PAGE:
National Poetry Month Day 23: Elizabeth Robinson





Jonah: 3

Jonah had a mother who had to be told not to listen to the same song over and over again.  When Jonah lay back on the couch, she would pull on his toes until the knuckles popped.  Which is to say: who knows what feels good?  Jonah confused his story with the story of Pinocchio, also in the gut of the whale.  The plush velvet of the whale’s inner cheek.  Felt good.  Felt safe.  (Ninevah is always waiting.)  Had a mother (note indefinite article).  Had a mother to whom he said: “I don’t believe in God at all.”  Since when does a story emerge from the same song played over and over?  Jonah wondered, if he wondered, on what basis do we instruct those who come before us even if they are not God?  There’s not a God.  Oh, indefinite article, you are lyrical because you allow for doubt.  For interchangeability.  Not one whale for another (these are all the same).  But one protagonist for another.  And one protagonist prevaricating, he with his tongue to the plush velvet of his inner cheek.  And Ninevah always in the offing.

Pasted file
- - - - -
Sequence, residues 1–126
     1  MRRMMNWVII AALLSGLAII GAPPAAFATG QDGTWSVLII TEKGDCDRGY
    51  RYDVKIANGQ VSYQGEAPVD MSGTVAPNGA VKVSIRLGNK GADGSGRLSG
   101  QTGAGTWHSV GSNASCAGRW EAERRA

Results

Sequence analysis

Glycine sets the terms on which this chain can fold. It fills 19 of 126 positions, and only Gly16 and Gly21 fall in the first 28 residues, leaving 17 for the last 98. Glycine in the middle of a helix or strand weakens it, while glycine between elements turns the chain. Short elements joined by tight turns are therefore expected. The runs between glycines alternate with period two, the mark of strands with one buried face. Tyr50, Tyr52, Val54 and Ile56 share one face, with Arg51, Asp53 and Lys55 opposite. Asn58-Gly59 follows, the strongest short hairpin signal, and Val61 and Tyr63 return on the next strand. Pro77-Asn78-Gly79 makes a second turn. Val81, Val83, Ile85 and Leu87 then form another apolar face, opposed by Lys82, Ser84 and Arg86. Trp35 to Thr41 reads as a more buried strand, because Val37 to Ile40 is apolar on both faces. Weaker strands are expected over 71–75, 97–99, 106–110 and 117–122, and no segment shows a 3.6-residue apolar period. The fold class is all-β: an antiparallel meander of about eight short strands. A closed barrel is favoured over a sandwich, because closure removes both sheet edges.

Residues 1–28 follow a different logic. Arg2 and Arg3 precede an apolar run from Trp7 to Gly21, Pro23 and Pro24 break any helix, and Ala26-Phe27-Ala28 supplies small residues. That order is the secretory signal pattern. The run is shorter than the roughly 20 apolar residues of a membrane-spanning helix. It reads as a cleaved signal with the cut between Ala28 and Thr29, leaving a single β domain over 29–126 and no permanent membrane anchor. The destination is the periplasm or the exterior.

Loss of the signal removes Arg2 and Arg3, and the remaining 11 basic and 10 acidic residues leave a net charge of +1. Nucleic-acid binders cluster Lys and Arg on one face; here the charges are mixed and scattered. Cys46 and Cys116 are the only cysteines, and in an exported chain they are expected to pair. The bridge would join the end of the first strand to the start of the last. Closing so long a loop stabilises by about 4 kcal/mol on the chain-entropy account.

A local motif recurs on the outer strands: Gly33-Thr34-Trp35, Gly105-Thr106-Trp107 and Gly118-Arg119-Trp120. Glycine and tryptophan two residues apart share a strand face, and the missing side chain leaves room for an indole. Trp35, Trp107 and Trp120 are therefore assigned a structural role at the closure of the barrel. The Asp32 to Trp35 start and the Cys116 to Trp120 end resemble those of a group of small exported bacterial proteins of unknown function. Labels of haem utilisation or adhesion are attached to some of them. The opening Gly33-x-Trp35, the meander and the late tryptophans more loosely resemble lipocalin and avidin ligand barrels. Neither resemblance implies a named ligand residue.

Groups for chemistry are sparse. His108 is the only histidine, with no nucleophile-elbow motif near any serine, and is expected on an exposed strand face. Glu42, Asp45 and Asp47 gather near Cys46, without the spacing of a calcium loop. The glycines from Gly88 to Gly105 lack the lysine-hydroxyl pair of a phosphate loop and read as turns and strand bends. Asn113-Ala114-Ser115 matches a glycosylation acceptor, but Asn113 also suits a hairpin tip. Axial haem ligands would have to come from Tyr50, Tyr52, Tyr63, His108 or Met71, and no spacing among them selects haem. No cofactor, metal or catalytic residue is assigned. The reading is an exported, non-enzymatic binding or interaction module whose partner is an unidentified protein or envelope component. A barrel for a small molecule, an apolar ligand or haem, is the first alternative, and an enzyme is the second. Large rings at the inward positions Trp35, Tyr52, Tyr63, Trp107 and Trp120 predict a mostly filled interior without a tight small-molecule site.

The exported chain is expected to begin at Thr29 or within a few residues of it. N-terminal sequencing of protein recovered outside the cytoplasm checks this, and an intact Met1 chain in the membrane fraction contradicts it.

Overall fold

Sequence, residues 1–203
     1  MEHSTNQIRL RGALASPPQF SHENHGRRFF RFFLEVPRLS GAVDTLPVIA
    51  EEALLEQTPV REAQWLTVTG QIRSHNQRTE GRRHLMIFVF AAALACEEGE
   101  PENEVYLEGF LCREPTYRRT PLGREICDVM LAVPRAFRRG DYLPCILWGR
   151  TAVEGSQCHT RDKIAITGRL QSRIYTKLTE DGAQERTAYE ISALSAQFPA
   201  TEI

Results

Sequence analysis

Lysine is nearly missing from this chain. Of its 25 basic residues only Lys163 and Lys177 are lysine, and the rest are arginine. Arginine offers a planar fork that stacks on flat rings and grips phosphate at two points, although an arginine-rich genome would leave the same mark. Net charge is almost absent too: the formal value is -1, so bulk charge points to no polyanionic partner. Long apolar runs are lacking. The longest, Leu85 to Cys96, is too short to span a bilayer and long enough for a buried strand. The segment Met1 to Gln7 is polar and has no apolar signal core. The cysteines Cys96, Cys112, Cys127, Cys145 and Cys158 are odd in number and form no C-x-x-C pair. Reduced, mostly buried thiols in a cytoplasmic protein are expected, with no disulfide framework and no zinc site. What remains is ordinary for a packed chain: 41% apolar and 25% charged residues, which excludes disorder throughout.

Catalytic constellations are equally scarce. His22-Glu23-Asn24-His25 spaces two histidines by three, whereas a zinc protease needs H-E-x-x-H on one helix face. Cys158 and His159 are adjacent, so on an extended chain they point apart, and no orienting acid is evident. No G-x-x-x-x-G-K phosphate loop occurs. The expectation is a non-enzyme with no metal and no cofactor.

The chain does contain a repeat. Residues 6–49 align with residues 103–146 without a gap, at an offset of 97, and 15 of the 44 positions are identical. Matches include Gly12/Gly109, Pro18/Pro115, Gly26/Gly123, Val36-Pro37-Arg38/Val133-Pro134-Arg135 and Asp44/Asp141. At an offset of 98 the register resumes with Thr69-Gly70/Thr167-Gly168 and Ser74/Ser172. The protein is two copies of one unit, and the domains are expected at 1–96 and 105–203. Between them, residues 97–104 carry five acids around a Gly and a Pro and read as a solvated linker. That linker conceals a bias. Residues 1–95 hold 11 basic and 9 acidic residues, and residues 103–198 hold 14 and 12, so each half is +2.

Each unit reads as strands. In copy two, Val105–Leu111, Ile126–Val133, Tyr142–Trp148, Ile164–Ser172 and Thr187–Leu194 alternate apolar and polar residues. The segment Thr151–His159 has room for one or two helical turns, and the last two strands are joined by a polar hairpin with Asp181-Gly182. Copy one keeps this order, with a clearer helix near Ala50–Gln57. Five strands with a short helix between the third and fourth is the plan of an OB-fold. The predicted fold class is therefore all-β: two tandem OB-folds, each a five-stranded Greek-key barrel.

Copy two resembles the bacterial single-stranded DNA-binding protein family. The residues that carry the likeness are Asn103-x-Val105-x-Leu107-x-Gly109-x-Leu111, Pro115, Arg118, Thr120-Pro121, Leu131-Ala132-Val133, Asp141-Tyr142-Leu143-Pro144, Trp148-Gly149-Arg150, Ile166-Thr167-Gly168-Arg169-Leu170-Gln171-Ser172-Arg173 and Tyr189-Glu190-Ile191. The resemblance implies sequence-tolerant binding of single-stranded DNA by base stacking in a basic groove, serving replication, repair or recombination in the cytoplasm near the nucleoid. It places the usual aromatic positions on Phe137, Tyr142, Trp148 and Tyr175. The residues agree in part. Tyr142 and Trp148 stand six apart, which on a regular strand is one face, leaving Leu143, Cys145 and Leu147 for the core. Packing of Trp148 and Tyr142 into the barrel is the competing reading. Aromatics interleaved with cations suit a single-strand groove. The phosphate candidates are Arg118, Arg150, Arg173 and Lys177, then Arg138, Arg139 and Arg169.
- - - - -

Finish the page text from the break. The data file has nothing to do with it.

Photograph of Elizabeth Robinson by John Sarsgard.

Elizabeth Robinson is the author of several collections of poetry, most recently Rumor (Parlor Press) and Blue Heron (Center for Literary Publishing). Robinson’s creative nonfiction has recently appeared in Conjunctions and Scoundrel Time. She was a finalist for the Los Angeles Times Book Award for On Ghosts (Solid Objects) and has been a winner of the National Poetry Series and the Fence Modern Poets Prize. With Jennifer Phelps, Robinson co-edited Quo Anima: innovation and spirituality in contemporary women’s poetry, published in 2019 by University of Akron Press. More from this author →